My 11 year old is tasked with interpreting a Seneca quote. I started out by trying to explain to him what ethics is by contrasting 'Will robots ever have feelings?' as a question in Philosophy of Mind, with 'Should robots have rights?' a question in Ethics.
He then completely stumped me with the following back and forth:
"Isn't 'Will robots ever have feelings?' a scientific question? That's what you do for work, and you're a computer scientist, not a philosopher." (I work in Machine Learning)
"Science is about things you can observe and measure through experiments, and real feelings (as opposed to simulated feelings) cannot be observed or measured because they are locked deep inside someone's mind."
"That doesn't make sense. Science is full of examples where people asked questions about things they couldn't observe or measure, like the speed of light. They didn't just ignore them and start studying other stuff, they worked hard to come up with tricks to observe and measure them. "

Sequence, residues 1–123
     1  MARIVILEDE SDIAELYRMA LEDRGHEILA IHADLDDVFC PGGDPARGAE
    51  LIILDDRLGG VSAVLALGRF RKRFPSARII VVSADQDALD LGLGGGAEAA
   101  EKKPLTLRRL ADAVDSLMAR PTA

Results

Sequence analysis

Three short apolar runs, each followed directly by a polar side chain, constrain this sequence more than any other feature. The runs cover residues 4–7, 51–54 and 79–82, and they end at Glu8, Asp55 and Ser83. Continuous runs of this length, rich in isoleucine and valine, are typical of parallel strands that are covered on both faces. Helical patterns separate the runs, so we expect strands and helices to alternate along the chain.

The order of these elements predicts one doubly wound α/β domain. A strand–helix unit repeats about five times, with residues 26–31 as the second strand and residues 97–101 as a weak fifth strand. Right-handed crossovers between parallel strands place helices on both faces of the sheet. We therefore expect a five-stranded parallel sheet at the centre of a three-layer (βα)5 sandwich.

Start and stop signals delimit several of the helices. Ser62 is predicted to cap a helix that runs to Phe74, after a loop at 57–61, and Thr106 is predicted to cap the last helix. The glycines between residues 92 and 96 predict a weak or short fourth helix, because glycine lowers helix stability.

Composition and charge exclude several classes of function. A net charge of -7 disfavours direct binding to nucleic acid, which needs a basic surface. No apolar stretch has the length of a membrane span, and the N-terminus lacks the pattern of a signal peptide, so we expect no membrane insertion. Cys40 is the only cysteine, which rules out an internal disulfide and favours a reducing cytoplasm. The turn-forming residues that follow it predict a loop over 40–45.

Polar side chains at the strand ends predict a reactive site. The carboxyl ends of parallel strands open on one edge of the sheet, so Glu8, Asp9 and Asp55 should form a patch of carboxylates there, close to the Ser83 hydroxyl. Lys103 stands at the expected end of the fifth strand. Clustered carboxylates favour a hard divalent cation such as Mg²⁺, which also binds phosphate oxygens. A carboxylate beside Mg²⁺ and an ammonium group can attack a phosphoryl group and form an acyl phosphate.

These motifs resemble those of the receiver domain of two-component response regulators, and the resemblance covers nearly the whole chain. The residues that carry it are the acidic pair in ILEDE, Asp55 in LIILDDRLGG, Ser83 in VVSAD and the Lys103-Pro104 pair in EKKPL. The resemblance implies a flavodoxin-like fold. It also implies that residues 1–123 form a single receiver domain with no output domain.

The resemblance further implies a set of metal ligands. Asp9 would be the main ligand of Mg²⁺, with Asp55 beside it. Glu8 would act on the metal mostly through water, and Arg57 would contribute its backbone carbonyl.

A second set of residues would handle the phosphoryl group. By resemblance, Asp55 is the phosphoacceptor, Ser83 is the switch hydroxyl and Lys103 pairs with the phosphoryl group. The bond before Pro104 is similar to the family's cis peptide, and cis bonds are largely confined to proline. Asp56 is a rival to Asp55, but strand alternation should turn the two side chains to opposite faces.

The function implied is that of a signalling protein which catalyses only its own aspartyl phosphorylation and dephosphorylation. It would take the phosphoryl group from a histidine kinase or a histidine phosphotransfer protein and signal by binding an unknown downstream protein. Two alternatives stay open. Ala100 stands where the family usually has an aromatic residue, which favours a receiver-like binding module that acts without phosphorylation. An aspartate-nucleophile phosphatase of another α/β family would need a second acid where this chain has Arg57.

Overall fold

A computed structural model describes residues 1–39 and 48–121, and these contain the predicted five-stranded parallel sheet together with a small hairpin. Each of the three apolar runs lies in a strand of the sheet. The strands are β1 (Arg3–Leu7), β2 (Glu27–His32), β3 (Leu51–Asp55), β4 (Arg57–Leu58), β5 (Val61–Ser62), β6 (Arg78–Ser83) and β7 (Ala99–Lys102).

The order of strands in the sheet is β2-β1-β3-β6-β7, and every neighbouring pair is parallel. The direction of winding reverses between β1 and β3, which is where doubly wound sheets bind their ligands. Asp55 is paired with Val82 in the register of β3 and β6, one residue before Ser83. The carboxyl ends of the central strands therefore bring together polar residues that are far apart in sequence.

At first I thought that I had just chosen a bad example: AI and consciousness is too much of an edge case, an example that is more inline with what Daniel Dennett meant when he said that scientific disciplines that are in their early stages (or as Kuhn would say, before a paradigm was established) necessarily involved metaphysical considerations.
But the more I thought about it, the more I felt that his comment was a Quine-level deconstruction of the entire empiricist mindset, not just a quirk of the borderline topic of A.I. and consciousness.
So my main question is:
How can someone defend empiricism and the scientific method against the argument that unverifiable or unfalsifiable statements cannot be dismissed as unscientific, because for all we know, we simply haven't developed the techniques or technology to observe them?